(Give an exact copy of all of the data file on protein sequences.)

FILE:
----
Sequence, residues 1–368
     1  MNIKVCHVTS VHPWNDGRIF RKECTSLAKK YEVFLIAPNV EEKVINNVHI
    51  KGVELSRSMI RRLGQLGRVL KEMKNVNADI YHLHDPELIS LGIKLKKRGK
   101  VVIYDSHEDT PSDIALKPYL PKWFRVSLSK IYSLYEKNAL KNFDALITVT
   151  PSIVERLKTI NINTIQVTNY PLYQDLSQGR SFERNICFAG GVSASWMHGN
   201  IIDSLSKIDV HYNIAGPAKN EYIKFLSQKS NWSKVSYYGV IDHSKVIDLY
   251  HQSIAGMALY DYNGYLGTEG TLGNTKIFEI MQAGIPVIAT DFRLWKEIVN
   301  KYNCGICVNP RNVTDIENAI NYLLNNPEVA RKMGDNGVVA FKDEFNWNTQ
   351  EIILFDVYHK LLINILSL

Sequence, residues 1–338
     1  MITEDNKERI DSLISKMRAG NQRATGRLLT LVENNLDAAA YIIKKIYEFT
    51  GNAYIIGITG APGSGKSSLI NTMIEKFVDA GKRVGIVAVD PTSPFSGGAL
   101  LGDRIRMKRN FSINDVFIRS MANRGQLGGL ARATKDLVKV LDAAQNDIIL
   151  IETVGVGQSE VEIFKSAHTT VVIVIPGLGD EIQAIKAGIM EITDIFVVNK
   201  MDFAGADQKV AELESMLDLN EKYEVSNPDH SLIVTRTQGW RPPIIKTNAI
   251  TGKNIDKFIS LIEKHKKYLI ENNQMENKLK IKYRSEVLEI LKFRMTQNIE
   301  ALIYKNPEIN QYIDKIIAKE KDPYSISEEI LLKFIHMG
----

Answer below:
Sequence, residues 1–368
     1  MNIKVCHVTS VHPWNDGRIF RKECTSLAKK YEVFLIAPNV EEKVINNVHI
    51  KGVELSRSMI RRLGQLGRVL KEMKNVNADI YHLHDPELIS LGIKLKKRGK
   101  VVIYDSHEDT PSDIALKPYL PKWFRVSLSK IYSLYEKNAL KNFDALITVT
   151  PSIVERLKTI NINTIQVTNY PLYQDLSQGR SFERNICFAG GVSASWMHGN
   201  IIDSLSKIDV HYNIAGPAKN EYIKFLSQKS NWSKVSYYGV IDHSKVIDLY
   251  HQSIAGMALY DYNGYLGTEG TLGNTKIFEI MQAGIPVIAT DFRLWKEIVN
   301  KYNCGICVNP RNVTDIENAI NYLLNNPEVA RKMGDNGVVA FKDEFNWNTQ
   351  EIILFDVYHK LLINILSL

Sequence, residues 1–338
     1  MITEDNKERI DSLISKMRAG NQRATGRLLT LVENNLDAAA YIIKKIYEFT
    51  GNAYIIGITG APGSGKSSLI NTMIEKFVDA GKRVGIVAVD PTSPFSGGAL
   101  LGDRIRMKRN FSINDVFIRS MANRGQLGGL ARATKDLVKV LDAAQNDIIL
   151  IETVGVGQSE VEIFKSAHTT VVIVIPGLGD EIQAIKAGIM EITDIFVVNK
   201  MDFAGADQKV AELESMLDLN EKYEVSNPDH SLIVTRTQGW RPPIIKTNAI
   251  TGKNIDKFIS LIEKHKKYLI ENNQMENKLK IKYRSEVLEI LKFRMTQNIE
   301  ALIYKNPEIN QYIDKIIAKE KDPYSISEEI LLKFIHMG